Q: I have considered putting money into a Roth IRA recently. I was looking at Vanguard’s VTSMX Total Stock Market Index. I want to invest the $3,000 opening and then about $500 a month. But now our company 401(k) provider, Fidelity, is giving us a Roth option. I am 48 and contribute about $10,000 per year currently to my 401(k). I have changed my 401(k) so that I am now paying 60% Roth and 40% traditional 401(k). Currently, I have the funds listed below and contribute equally to them. Do you think I should boost up my current 401(k) contributions to Fidelity or go with the Vanguard? If I go with Vanguard is VTSMX a good choice or would you suggest another fund? How does the 401k Roth work? Does your company offer retirement reviews?
A: We often recommend that our clients consider taking advantage of maximizing their contribution to a Roth IRA when they are eligible. The way you are currently splitting your contributions between the Roth and Traditional 401(k) makes sense in your situation. It's a great idea to continue to hedge the “tax bet” since you are 48 and are likely at or nearing the highest tax bracket that you will be in during your lifetime. To get it close to a 50/50 split between your Roth and Traditional contributions you could contribute 70% of your 401(k) contribution to the Traditional and the other 30% to the Roth. Then you could max out your Roth IRA ($5,500) with your remaining savings.
Regarding the Vanguard fund, unfortunately, we are not able to give specific investment advice. However, Vanguard funds are typically a good option for investors due to their broad exposure and low costs.
Our fee is based on a percentage of the assets that we manage. However, we do offer complimentary consultations where we break down your entire financial picture. We’re also happy to point you in the right direction if our service isn’t necessarily what you’re looking for.
Q: I am 59 years old. I have just over $100,000 in cash to invest. The market has been very high and I was waiting for a dip to happen, but it seems to be going up further. Because they saying goes "Buy Low, Sell High," I don't know where to begin. Please help me. Where should I begin?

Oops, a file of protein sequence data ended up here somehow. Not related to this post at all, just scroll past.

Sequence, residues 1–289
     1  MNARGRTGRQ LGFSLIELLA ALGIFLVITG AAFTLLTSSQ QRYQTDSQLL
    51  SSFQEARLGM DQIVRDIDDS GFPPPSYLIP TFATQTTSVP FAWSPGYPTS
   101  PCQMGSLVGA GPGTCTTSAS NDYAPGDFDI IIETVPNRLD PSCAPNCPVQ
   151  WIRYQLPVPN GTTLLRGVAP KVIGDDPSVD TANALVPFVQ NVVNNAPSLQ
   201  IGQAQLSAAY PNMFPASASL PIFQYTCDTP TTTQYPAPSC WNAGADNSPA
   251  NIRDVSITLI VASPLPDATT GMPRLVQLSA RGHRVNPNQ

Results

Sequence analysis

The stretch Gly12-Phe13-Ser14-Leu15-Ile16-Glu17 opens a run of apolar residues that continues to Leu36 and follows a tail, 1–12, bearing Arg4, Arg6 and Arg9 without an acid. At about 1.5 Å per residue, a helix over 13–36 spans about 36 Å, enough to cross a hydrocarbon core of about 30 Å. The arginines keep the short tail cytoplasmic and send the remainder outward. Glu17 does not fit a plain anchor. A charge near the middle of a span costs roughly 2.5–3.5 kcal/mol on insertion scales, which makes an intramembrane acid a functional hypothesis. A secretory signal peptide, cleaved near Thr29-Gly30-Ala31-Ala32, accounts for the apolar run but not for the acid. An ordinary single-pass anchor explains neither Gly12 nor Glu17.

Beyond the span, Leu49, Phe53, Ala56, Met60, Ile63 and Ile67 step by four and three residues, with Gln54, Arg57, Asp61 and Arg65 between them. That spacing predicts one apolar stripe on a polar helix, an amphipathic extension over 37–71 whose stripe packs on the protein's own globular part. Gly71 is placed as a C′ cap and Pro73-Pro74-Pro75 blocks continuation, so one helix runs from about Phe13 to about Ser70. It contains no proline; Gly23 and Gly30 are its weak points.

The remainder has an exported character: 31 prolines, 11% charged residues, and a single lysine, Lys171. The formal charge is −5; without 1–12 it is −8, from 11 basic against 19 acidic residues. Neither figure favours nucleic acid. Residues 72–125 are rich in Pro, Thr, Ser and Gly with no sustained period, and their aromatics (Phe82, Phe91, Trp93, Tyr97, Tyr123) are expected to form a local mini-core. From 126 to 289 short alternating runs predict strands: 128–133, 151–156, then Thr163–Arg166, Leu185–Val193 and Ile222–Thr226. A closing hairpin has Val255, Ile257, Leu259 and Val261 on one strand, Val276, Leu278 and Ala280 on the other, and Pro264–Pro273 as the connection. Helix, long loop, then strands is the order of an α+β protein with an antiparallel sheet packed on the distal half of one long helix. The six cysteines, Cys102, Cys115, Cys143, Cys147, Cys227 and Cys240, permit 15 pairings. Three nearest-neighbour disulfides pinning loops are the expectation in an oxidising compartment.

A: Your question is one we are addressing on a daily basis with our existing clients, and with new clients investing new money. At 59 years old, the first thing you need come up with is an appropriate portfolio allocation between fixed income (bonds) and equity (stocks), based on your personal risk tolerance and time horizon. With the market going up each day, the bond market, in general, has been declining, which is a good opportunity to put your bond allocation to work.
As far as the stock portion of your portfolio, I would recommend a strategy called Dollar Cost Averaging, which you may have heard Wes talk about on his show. Simply put, this is a process of investing your stock allocation over a period that you feel comfortable with. For example, invest 25% of your stock allocation on a single day, then invest another 25%, 30 days later, and so on, until you have the entire amount invested in over four months. If there is a significant market decline during this period, you can invest the funds ahead of the next scheduled investment.
Q: For a retirement income portfolio with moderate risk, what are good products to invest in?
A: I will say that generally speaking we often recommend Exchange Traded Funds (ETFs) over Mutual Funds to track favored sectors of the market through a diversified index of securities without paying for active management. ETFs and individual equities and bonds all carry either no fees or very low fees. If you are retired and looking for income, then saving on these fees can really make a difference. On the equity side of the portfolio, you may want to consider large, stable, well-known companies that pay a sizeable dividend (2.5%+).
Here is a link to our income portfolio management approach, which is what you would be looking for, to see all the asset classes we use for income: https://www.yourwealth.com/services/income-portfolio-management/
However, I would not recommend someone without investment experience invest in some of these asset classes, such as closed-end funds and MLP’s just to name a few. At this time, I cannot recommend any individual positions for your specific account. If you would like a free consultation with me or one of our Atlanta advisors I can certainly help with that.
Q: What is a 26f program? Are funds that are stated to be 26f, such as Vanguard Wellington, good investments in an IRA or are they better in a taxable account?
A: We weren't aware of a "26f" program, so we did some research online and found no evidence that there is any official 26f program. It appears to be some type of scam to get people to purchase an annual subscription to their “financial advice” website, where they will then give you the details of the program. One blogger I came across actually subscribed, however, there was no information inside the website. I would be very wary of any type of advertising of these programs. If it seems too good to be true, it probably is, and I would stay clear.